"feeling of sorrow or deep tenderness for one who is suffering or experiencing misfortune," mid-14c., compassioun, literally "a suffering with another," from Old French compassion "sympathy, pity" (12c.), from Late Latin compassionem (nominative compassio) "sympathy," noun of state from past participle stem of compati "to feel pity," from com "with, together" (see com-) + pati "to suffer" (see passion).
Latin compassio is an ecclesiastical loan-translation of Greek sympatheia (see sympathy). Sometimes in Middle English it meant a literal sharing of affliction or suffering with another. An Old English loan-translation of compassion was efenðrowung.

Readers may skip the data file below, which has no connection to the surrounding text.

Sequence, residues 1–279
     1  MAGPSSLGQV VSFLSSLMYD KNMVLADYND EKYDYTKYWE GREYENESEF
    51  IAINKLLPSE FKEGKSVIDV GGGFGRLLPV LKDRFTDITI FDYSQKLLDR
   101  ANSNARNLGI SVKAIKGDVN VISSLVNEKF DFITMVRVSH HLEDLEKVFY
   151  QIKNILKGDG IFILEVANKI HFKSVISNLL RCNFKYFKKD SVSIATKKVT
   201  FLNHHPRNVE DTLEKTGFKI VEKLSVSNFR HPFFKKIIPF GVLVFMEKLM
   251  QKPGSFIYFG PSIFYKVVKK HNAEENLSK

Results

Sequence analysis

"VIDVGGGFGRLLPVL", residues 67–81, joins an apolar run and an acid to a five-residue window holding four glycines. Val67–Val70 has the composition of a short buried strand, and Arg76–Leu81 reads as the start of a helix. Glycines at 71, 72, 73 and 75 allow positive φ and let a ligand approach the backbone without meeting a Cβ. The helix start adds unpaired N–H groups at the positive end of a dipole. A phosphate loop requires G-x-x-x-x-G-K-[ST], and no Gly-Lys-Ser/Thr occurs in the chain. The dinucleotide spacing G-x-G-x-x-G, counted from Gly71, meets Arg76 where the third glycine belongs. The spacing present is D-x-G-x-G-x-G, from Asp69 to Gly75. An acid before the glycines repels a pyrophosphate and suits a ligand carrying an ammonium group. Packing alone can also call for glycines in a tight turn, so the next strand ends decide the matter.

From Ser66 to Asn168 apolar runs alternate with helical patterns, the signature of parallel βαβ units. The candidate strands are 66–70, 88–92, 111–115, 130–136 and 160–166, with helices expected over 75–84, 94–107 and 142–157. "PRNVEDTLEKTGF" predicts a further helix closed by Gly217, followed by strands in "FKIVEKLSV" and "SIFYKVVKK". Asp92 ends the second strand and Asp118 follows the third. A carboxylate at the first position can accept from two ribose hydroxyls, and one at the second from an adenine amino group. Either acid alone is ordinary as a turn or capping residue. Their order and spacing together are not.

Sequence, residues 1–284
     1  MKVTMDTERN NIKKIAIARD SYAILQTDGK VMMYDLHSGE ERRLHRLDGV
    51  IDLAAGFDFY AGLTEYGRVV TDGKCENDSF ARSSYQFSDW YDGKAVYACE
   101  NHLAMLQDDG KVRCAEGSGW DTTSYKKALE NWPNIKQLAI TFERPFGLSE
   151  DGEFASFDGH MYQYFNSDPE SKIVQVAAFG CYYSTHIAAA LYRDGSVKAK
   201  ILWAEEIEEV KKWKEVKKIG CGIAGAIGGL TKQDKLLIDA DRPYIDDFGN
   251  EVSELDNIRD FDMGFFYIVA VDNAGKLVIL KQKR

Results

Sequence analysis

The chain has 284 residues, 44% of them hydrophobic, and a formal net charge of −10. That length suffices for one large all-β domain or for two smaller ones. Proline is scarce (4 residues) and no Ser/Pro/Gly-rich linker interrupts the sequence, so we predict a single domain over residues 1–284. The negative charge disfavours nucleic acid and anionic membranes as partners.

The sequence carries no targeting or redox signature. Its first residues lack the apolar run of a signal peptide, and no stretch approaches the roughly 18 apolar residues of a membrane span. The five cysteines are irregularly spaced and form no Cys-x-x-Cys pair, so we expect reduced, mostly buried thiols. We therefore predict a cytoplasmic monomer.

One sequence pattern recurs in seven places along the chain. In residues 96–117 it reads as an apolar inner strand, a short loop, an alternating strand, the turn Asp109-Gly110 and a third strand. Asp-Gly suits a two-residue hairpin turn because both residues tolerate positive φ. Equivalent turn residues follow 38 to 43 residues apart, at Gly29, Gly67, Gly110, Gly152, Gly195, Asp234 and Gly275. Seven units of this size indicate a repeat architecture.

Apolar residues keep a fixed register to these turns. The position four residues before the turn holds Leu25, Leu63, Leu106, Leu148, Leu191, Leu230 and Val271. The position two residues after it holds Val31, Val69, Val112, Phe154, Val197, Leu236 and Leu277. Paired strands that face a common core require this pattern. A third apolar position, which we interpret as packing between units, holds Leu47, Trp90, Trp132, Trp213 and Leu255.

late 14c., preposicioun, in grammar, "indeclinable part of speech regularly placed before and governing a noun in an oblique case and showing its relation to a verb, adjective, or other noun," from Latin praepositionem (nominative praepositio) "a putting before, a prefixing," noun of action from past-participle stem of praeponere "put before," from prae "before" (see pre-) + ponere "put, set, place" (past participle positus; see position (n.)). In grammatical use, a loan-translation of Greek prothesis, literally "a setting before." Old English used foresetnys as a loan-translation of Latin praepositio.